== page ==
A crowded legislative agenda could push passing a year-end tax bill off the lame duck to-do list.
There are (at least) two reasons for why a year-end tax bill could be tabled into next year.
Reason one: Time
Tax staffers before the Thanksgiving holiday said that discussions on a year-end tax bill had yet to begin. This means that negotiations on the legislation are essentially at square-one. Getting a tax bill up-to-speed will likely require a lot of time that staffers may not have.
Case in point, Congress has roughly two weeks to figure out how to fund the federal government beyond December 16th – the date that current funding expires. This is a must-pass bill and passage will require the support from both political parties.
Because of the legislation's importance, lawmakers from both political parties want to attach their pet provisions to it. But many of these measures are not supported by members in both political parties. Hashing-out those differences so that they can be included in the spending bill will take time away from preparing a year-end tax bill.
Also, legislation averting a rail strike could lessen time to work on a year-end tax bill.
Reason Two: Disagreement
There is political disagreement over expanding the Child Tax Credit (CTC) to what is was in 2021.
By and large, one political party supports this expansion while the other party does not.
The party supporting a CTC expansion says that it would reduce childhood poverty. Many in this party have also threatened to oppose the extension or modification of business tax breaks if the CTC measure is absent from a year-end tax package.
Lawmakers opposing the CTC expansion contend it is too expensive (costing roughly $1 trillion over a ten-year period, according to the Joint Committee on Taxation), and that increasing payments to families would exacerbate inflation.
The disagreement between the political parties over this issue has existed for months, and it has not abated since the elections.
If there is no agreement on this issue between the political parties, it is hard to see how Congress passes a year-end tax bill.
Polling to the Rescue?
Recent polling by Morning Consult found broad, bipartisan support among voters for expanding the CTC.
From the poll:
There is bipartisan agreement that expanding the Child Tax Credit should come before tax breaks. Over four-in-five (85%) parents who voted for a Democrat in 2022 agree with lawmakers who say Congress shouldn't pass any more tax breaks for wealthy corporations until it acts to reinstate the expanded Child Tax Credit -- the majority of parents who voted for Republicans in 2022 agree as well (67%).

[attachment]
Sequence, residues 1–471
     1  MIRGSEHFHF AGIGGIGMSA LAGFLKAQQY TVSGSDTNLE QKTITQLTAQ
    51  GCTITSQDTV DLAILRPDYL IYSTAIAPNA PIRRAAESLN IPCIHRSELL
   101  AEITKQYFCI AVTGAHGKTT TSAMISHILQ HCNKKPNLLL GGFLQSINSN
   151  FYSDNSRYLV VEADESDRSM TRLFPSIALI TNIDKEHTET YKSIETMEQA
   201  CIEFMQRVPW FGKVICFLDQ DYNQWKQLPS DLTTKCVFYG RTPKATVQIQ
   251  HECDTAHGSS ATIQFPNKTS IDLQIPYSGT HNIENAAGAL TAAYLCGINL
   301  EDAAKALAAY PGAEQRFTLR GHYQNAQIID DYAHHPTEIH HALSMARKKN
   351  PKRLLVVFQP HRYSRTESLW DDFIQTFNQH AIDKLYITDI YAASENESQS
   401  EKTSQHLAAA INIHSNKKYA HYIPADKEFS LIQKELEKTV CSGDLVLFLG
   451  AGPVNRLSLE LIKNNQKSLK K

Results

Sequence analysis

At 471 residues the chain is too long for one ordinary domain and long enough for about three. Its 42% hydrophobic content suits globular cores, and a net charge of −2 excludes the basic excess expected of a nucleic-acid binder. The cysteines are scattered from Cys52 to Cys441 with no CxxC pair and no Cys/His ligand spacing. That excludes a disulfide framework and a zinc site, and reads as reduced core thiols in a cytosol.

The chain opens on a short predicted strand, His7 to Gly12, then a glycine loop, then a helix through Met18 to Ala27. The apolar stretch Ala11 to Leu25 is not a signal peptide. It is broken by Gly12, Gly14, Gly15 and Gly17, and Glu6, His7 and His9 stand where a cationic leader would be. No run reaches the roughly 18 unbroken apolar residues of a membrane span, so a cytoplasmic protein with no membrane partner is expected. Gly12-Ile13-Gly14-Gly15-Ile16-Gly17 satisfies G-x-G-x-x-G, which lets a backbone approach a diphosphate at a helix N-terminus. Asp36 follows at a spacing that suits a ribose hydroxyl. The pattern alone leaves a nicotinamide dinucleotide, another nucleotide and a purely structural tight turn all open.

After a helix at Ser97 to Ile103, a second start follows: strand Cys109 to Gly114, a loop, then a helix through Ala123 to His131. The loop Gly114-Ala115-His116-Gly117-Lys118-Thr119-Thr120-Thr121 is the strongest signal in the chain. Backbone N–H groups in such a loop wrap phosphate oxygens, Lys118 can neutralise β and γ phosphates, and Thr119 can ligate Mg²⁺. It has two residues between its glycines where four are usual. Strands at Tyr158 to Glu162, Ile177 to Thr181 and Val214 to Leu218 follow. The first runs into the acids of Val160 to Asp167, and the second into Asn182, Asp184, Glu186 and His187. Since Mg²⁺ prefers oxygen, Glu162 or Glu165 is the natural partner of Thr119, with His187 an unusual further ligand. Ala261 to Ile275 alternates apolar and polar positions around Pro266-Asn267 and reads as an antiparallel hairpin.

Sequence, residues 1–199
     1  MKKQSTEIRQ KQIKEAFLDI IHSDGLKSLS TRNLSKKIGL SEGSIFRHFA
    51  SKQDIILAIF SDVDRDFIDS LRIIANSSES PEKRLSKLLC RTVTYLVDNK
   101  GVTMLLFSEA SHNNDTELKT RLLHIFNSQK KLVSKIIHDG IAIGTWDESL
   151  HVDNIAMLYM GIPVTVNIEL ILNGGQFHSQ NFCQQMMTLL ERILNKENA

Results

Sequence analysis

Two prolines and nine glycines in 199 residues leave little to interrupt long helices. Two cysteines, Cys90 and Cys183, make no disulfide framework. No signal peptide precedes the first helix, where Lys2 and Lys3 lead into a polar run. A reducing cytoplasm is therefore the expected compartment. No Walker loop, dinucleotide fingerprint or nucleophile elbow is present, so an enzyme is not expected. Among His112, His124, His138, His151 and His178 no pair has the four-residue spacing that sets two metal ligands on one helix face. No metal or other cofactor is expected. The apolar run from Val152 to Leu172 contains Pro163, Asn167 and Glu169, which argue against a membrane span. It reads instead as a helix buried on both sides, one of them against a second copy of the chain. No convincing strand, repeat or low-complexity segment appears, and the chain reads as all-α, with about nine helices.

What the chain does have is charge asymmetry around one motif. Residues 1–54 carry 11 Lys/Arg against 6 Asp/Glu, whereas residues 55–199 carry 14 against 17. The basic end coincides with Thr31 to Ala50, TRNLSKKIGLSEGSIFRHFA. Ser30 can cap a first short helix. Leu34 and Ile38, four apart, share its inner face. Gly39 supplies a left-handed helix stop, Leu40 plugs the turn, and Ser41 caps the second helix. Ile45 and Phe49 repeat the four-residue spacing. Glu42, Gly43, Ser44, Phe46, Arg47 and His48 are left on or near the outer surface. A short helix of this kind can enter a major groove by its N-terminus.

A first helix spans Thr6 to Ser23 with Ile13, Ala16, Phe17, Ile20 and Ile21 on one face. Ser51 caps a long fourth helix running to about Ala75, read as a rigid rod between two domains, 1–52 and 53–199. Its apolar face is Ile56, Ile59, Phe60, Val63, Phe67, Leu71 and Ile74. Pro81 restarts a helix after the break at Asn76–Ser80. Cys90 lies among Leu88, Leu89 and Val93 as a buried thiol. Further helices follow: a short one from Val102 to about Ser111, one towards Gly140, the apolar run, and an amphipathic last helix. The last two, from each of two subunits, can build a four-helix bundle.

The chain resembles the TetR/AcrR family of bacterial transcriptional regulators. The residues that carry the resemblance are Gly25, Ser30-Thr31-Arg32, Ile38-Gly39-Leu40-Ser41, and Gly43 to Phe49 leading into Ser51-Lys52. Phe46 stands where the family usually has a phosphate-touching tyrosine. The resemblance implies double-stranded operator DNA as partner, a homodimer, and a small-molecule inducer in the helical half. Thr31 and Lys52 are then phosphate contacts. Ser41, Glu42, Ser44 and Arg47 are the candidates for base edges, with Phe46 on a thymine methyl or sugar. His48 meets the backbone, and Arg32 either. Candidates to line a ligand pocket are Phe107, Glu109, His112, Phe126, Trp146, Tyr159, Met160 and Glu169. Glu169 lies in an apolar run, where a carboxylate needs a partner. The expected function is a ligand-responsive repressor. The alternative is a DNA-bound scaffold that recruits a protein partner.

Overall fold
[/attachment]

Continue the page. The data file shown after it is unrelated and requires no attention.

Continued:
It is not clear if this poll will sway lawmakers who currently oppose a CTC expansion into supporting it. But lawmakers in the “no” category have stated that there must be reciprocity for the Child Tax Credit to be modified.
This means if a CTC expansion costs $1 trillion, then there also must be $1 trillion in business tax breaks. Lawmakers point to allowing for R&D expensing, expanding the 163(j) interest deduction, and returning bonus depreciation to full strength. Modifying all three of these provisions wouldn’t equal $1 trillion over ten years, according to the Joint Committee on Taxation. So other business tax measures would need to be included in this trade off.
However, passing a $2 trillion year-end tax bill would be eye-popping, if not outrageous. It is hard to imagine any lawmaker – in either party – supporting it.
Reaching an agreement on this issue will likely depend on scaling back the CTC expansion and allowing some business tax breaks to be modified or extended. However, these negotiations would require time that Congress might not have to give.
Important to note: Retirement legislation that includes tax provisions is a different bill. It currently has a better chance for passing Congress in the lame duck than a year-end tax bill.